Sunday, November 24, 2019

A prime experience.....

The Metropolitan Opera’s performance of Philip Glass’ opera Akhnaten was broadcast in high definition to theaters around the country.  The director was Phelim McDermott and it was headlined by counter Anthony Roth Costanzo.  The production was originally created by the English National Opera and the LA Opera. 

Akhnaten was composed by Glass in 1983, with a libretto by Glass in association with Shalom Goldman, Robert Israel, Richard Riddell, and Jerome Robbins. The current production was first performed in London in March 2016.  It is written in Glass’ early style that  he describes as “music with repetitive structures.”  It uses melodic chord progressions, undergirded or surrounding by swirling arpeggios, all of which slowly migrate into another melody and so on.  Some dislike it immensely and call it un-musical and others find it to be compelling and transfixing.  I go with the latter.  I experience Glass’ music as hypnotic and reverie-inducing.  Since I first heard his works performed (in Lincoln, Nebraska in the early 1980s), I have mostly been a fan. 

The Met performance was absolutely stunning.  The costumes were breathtaking, including garments that were a mashup of styles, e.g, heavy baroque fabrics with gold thread, highlighted by various doll faces that have a modern expressionist look.  In Akhnaten’s wedding to Nefertiti, both wore brilliant red oufits with trains that were half the stage’s width.  The sun was resented by a large white balloon that became a brilliant red.  The stage had various levels, where the chorus was placed.  A large, LED-lit picture-frame like structure ascended and descended to act almost like a halo for the King and for his father, as he speaks from the afterlife.  The Met Orchestra was conducted by Karen Kamensk, a Glass colleague and aficionado.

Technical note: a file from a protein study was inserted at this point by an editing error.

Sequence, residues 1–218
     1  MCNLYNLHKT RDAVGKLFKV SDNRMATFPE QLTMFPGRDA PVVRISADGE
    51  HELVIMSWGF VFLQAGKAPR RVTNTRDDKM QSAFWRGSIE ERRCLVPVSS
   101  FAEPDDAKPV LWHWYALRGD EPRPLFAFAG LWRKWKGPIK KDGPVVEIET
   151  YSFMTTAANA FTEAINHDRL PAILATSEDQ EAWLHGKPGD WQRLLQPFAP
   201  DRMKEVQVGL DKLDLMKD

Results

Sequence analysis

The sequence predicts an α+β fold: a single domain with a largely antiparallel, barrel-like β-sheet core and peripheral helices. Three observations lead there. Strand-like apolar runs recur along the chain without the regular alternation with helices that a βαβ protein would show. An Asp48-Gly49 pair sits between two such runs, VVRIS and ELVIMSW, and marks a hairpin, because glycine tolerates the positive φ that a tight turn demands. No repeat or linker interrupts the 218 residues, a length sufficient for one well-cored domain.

Sopran J’Nai Bridges performed the role of Nefertiti; soprano Disella Larusdottir was Akhnaten’s mother, Queen Tye; tenor Aaron Blake was the High Priest of Amon; bass Richard Bernstein was Aye; Baritone Will Liverman was Horemhab; and Zachary James played the King’s father, Amenhotep III.  James’ role was non-singing and he is an imposing figure on stage. 

But no doubt the star of the show was Costanzo.  His countertenor was clear, uncolored, and unforced.  He is in great physical condition and it was a wonder to see him use his entire upper body, from his diaphragm to his mouth, to generate his exquisite sound. He ascended and descended steps with sure foot, and he never looked look down to ensure his steps were certain. 

Most of the actions on stage were very slow and deliberate requiring both concentration and balance, with the exception of James’, who often used his hands and arms extensively as he addressed the audience.  Jugglers were introduced in this production, and their actions mimicked Glass’ swirling musical figures. 

For me, this performance has the dignity and power of a three and a half-hour religious service.  When Ahknaten sings praises to the sun, the music is gorgeous and the staging, which has Costanzo ascend a flight of stairs to become one with the sun, was spellbinding.  If one ever needed to be reminded, opera can be so powerful because of the melding of music, story, and performance and in the hands of great performers, it can be an exalted experience.  This was that, and more.  It combined the hypnotic spell that is Glass’ music with modern theater that revered a major historic figure, by creating a remarkably creative vision.


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